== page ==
The issue is far more ominous than people imagine as it’s not just these floating islands of trash that people perceive them to be. The Pacific garbage patches are actually mainly subsurface, tiny pieces of material in the process of breaking down. When we got off the boat and looked underneath it to check the bottles, they were covered in a fine layer of plastic and if you run your fingers through the water as you’re sailing, you catch all these little bits in your hands.
It’s detrimental to the planet and to us because these little bits of plastic are toxic sponges and are floating in the first layer of the ocean where most species live and breed. Seeing that was pretty tragic. It’s hard for people to grasp because most people think of the sea in the context of beautiful, calm untouched oceans and although it still looks like this from above, just below the surface is this toxic stew that could quickly end up on our dinner plates.
You often draw analogies between the Plastiki trip and Thor Heyerdahl’s Kon-Tiki adventure, by which yours was partially inspired. I was really disturbed by the amount of marine mammals each expedition encountered.
Can you tell us about this?
You’re right, one of the inspirations behind The Plastiki adventure was Thor Heyerdahl’s 1947 expedition, The Kon-Tiki, which saw Heyerdahl and five like-minded adventurers travelling to Peru where they built a replica of an ancient Inca raft from balsa wood and other native materials and sailed it across the Pacific to test his theories on early Peruvian settlements.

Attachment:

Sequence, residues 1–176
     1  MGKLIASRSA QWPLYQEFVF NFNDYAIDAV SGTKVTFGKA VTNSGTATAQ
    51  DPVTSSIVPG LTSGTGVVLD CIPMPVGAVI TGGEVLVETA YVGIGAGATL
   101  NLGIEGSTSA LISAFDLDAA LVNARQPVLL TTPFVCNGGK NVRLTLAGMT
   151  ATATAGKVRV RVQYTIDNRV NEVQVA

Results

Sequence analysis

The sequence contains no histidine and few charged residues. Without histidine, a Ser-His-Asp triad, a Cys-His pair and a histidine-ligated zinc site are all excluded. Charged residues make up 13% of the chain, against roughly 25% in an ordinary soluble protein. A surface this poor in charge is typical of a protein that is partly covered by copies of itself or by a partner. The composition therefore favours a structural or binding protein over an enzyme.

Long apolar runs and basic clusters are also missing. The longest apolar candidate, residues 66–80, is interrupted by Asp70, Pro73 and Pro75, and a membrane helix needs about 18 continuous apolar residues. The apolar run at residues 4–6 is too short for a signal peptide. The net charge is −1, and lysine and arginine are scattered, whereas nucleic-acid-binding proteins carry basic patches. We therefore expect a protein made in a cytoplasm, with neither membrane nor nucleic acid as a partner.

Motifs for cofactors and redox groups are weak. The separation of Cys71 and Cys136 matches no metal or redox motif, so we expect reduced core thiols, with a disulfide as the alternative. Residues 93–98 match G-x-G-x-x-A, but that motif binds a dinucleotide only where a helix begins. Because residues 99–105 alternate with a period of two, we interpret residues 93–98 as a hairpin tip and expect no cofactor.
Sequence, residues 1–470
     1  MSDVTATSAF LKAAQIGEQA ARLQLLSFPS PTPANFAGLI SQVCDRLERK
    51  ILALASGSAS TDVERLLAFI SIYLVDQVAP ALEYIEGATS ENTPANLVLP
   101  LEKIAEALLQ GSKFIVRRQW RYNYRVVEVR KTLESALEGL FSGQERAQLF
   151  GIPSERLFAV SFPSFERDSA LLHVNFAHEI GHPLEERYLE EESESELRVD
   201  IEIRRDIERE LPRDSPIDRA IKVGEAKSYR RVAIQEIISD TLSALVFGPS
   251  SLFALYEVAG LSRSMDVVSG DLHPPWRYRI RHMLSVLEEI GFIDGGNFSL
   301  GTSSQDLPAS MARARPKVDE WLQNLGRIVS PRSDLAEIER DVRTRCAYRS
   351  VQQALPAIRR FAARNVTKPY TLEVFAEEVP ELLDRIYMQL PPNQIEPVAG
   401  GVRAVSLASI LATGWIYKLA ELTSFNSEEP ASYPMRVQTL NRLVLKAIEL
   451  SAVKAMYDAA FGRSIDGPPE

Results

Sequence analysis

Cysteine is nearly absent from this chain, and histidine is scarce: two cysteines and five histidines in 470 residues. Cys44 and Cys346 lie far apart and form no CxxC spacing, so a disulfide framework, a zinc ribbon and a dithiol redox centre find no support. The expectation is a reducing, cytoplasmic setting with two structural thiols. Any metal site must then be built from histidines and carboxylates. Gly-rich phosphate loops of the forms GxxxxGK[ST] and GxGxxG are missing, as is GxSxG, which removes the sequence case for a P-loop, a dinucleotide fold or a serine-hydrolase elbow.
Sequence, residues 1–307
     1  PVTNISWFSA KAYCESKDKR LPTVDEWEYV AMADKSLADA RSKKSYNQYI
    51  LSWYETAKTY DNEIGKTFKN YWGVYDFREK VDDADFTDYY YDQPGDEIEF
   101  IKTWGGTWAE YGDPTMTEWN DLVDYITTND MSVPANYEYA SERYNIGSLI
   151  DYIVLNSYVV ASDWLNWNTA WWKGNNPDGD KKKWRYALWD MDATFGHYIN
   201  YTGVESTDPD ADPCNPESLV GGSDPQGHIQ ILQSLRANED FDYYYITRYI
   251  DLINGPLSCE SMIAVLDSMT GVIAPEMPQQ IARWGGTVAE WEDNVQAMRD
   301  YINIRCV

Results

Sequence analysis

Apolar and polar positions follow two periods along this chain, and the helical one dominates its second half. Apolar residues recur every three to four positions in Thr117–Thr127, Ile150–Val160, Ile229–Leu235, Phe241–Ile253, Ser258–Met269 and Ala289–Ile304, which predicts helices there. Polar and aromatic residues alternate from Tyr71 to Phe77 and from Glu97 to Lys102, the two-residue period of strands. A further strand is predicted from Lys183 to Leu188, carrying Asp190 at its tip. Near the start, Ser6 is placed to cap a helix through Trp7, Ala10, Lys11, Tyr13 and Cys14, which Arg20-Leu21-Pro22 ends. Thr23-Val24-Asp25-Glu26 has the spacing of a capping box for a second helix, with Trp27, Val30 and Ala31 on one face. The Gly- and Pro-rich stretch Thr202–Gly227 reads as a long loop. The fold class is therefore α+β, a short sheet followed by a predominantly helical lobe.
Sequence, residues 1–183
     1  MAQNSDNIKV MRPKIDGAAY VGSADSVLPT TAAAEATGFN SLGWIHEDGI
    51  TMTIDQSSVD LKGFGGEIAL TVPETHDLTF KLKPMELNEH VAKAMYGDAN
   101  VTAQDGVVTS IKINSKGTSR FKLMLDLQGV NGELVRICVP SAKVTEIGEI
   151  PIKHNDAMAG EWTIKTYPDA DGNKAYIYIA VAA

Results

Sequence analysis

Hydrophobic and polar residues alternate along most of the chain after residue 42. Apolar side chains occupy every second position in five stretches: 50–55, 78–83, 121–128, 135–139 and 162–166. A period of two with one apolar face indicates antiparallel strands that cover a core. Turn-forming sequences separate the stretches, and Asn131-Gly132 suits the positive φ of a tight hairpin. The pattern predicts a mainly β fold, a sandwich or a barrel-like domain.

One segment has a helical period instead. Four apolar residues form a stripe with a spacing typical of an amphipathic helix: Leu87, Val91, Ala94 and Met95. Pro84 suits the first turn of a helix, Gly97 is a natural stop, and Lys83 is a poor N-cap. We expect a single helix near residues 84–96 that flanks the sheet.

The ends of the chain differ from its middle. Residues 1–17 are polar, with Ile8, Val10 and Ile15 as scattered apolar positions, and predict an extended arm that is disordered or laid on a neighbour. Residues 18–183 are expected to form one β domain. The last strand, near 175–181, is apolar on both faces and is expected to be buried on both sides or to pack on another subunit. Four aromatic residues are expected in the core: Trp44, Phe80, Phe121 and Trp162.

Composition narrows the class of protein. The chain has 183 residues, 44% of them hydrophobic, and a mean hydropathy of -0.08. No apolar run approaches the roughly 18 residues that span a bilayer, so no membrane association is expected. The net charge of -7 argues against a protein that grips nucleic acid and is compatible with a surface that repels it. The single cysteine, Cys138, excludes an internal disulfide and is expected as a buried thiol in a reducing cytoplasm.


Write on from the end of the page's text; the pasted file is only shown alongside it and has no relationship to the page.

By putting his theories into practice in such an audacious and bold way Heyerdahl was able to raise phenomenal awareness and educate generations of people,
which is what we hope to achieve with The Plastiki, but within the context of the environment and the world’s oceans, highlighting the growing impact we are having on our most remote and fragile ecosystems.
The Kon-Tiki crew saw, caught and ate tuna daily and couldn’t enter the water for fear of sharks. Our expedition was very different, we caught 3 fish during the entire 3 months that we were at sea and only saw a handful of whales, sharks and dolphins.
The Plastiki trip wasn’t exactly “smooth sailing.” In fact, it was downright hard at times: getting along with people, waking up to a cold shift on the helm after sleeping only three hours, etc. Despite this, I get the sense that you would do it again in a heartbeat. How do you think adventures – even those experienced vicariously through Adventure Ecology expeditions – can help us live more consciously?